Beijing shopper’s lone omicron case draws national attention
BEIJING (AP) — A 26-year-old woman in China’s capital Beijing who contracted the omicron strain of COVID-19 has drawn national attention on social media for her shopping trips.
The woman, who has not been identified by name, reportedly visited high-end shops in the city before showing symptoms of having the virus.
It wasn’t known where or how she became infected and her present condition hasn’t been made public.
The woman’s case was widely discussed online and reflects the government’s painstaking efforts to track down and isolate every virus case, along with identifying and testing anyone an infected person may have been in contact with.
The first reported case of the omicron variant has prompted stepped-up measures in Beijing, just weeks before it hosts the Winter Olympic Games.
More than 13,000 people and all places visited by the 26-year-old woman have been tested and her apartment complex and workplace sealed off.
Officials on Saturday said the woman lives and works in the city’s northwestern district of Haidian, home to some of the country’s top universities, and had no travel history outside of Beijing for the past two weeks.
No new cases were reported in Beijing on Monday, although the nearby city of Tianjin saw another 80 cases.
State media on Monday reported the capital, with its 20 million residents, was considering stronger restrictions on travel. All transit links with Tianjin have already been severed. International flights have been sharply reduced and domestic travelers have been barred if they transferred to a second location before arriving in Beijing.
The Olympics open on Feb. 4, just days after the start of Lunar New Year celebrations. Athletes, officials, staff and journalists are required to enter a closed-loop bubble without outside contact and undergo daily testing.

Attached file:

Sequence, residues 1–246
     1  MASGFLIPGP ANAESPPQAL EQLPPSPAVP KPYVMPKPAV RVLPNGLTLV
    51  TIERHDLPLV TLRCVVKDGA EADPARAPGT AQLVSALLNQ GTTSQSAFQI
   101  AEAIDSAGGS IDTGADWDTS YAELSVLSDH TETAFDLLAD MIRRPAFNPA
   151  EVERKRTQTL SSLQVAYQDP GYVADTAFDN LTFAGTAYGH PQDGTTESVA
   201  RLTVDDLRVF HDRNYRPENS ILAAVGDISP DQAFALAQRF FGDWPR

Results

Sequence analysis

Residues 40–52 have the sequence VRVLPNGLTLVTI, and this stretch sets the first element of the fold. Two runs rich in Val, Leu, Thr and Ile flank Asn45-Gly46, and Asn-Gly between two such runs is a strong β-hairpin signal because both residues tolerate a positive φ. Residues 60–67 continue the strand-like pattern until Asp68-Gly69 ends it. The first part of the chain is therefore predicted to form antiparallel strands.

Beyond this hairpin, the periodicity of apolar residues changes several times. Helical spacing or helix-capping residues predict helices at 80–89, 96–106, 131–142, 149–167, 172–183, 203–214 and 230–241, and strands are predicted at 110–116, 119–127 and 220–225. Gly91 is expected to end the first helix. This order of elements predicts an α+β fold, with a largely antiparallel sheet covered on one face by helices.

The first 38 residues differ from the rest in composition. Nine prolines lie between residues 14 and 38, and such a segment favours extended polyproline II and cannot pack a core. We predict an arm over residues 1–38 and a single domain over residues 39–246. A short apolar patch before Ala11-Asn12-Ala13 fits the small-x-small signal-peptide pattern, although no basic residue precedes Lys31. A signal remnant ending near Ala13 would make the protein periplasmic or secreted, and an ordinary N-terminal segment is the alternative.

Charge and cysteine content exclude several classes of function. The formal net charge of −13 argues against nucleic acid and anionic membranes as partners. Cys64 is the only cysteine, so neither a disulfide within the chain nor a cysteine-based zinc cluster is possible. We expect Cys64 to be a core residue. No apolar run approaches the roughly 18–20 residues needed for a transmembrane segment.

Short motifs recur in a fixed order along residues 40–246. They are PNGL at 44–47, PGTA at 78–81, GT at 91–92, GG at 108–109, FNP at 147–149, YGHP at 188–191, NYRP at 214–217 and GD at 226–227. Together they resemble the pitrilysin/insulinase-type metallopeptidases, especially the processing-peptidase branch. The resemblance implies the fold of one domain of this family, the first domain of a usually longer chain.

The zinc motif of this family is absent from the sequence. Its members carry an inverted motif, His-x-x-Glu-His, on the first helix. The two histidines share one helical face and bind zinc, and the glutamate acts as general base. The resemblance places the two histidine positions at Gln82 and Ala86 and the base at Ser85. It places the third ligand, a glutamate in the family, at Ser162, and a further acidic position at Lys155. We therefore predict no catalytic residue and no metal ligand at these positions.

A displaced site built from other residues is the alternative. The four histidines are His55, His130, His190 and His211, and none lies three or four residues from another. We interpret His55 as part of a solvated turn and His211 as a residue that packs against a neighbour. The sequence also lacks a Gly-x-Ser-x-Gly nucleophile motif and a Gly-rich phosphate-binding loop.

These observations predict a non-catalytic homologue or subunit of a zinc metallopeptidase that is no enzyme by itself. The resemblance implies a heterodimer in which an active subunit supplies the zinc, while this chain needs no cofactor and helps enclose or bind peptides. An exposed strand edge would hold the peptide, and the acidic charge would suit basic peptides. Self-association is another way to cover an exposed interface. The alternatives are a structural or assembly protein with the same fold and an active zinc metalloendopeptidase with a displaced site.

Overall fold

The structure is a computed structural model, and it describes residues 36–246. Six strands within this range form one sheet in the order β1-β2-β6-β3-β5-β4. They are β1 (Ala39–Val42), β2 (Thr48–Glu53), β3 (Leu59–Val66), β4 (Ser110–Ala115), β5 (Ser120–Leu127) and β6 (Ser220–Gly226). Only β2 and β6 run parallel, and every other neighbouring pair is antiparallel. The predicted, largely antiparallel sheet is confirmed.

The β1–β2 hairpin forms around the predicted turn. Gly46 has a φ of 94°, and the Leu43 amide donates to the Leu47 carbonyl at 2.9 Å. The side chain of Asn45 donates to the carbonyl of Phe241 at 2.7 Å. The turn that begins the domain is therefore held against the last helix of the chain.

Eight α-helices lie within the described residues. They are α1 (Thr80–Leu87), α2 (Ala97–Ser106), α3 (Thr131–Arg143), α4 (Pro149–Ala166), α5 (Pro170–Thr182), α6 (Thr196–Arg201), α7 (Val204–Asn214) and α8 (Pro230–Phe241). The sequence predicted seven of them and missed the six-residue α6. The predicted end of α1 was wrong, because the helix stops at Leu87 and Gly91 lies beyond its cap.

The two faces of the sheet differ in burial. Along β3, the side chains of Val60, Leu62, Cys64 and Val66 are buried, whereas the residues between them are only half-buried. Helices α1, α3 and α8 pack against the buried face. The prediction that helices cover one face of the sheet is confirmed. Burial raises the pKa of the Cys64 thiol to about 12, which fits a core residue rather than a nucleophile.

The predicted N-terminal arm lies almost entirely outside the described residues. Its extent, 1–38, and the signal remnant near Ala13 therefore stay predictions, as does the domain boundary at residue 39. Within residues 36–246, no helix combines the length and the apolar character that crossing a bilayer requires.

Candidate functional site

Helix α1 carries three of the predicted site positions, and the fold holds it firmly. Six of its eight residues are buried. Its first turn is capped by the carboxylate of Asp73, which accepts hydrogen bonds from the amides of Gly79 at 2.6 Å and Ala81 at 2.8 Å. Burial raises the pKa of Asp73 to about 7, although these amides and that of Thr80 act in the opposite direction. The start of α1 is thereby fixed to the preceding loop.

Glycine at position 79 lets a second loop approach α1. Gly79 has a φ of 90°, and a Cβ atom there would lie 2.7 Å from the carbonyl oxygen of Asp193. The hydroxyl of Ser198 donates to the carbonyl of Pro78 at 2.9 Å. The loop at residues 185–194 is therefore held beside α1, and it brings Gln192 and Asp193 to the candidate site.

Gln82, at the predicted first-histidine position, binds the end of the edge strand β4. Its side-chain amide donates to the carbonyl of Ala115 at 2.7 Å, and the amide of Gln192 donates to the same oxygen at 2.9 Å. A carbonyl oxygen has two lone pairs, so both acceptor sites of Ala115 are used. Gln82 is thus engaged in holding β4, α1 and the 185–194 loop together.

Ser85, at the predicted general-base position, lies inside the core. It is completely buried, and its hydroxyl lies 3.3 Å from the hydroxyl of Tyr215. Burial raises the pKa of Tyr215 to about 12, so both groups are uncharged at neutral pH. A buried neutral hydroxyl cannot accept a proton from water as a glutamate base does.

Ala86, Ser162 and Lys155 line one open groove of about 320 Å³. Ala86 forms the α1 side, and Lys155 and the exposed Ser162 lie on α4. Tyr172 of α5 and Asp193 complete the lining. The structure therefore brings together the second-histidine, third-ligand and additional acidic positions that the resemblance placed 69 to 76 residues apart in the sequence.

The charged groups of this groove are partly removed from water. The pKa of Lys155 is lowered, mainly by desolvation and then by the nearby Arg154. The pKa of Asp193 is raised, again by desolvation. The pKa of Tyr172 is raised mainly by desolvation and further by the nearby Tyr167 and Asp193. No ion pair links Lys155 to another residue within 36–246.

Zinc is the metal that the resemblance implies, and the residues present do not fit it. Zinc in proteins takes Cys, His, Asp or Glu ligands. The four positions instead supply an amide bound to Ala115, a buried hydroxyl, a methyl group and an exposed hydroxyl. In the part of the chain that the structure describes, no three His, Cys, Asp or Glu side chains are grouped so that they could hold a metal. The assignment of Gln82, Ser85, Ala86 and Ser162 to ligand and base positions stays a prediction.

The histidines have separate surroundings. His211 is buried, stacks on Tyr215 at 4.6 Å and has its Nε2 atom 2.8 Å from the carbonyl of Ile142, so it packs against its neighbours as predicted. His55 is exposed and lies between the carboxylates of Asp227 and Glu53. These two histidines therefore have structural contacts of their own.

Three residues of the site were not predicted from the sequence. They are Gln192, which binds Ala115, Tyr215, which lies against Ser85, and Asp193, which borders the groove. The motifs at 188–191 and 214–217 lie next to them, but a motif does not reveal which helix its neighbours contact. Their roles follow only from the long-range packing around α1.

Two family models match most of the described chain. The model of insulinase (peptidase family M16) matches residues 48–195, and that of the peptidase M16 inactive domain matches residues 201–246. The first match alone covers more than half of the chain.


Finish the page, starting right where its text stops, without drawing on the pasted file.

As an additional precaution, Beijing will require travelers to take nucleic acid tests within 72 hours of entry starting Jan. 22. Some schools in Beijing have also closed early and moved classes online ahead of the winter holidays.
Officials across the country also urged residents to stay in their cities for the new year, instead of traveling back to their hometowns. Tourist sites, including sections of the Great Wall, have also closed amid China’s “zero-COVID” policy that has seen millions of people placed under lockdowns.
The economic, logistical and psychological stresses resulting from that policy have become increasingly apparent, creating tension over how long the restrictions must remain in place.
Following three weeks of isolation, the ancient capital of Xi’an appeared to be turning a corner, with stay-at-home rules lifted on neighborhoods determined to be virus-free.
Roughly 1,000 kilometers (600 miles) southwest of Beijing, the city of Xi’an, which has a population of 13 million and counts as a major tourist site for its famed Terracotta Warriors, has reported over 2,000 infections since December last year.
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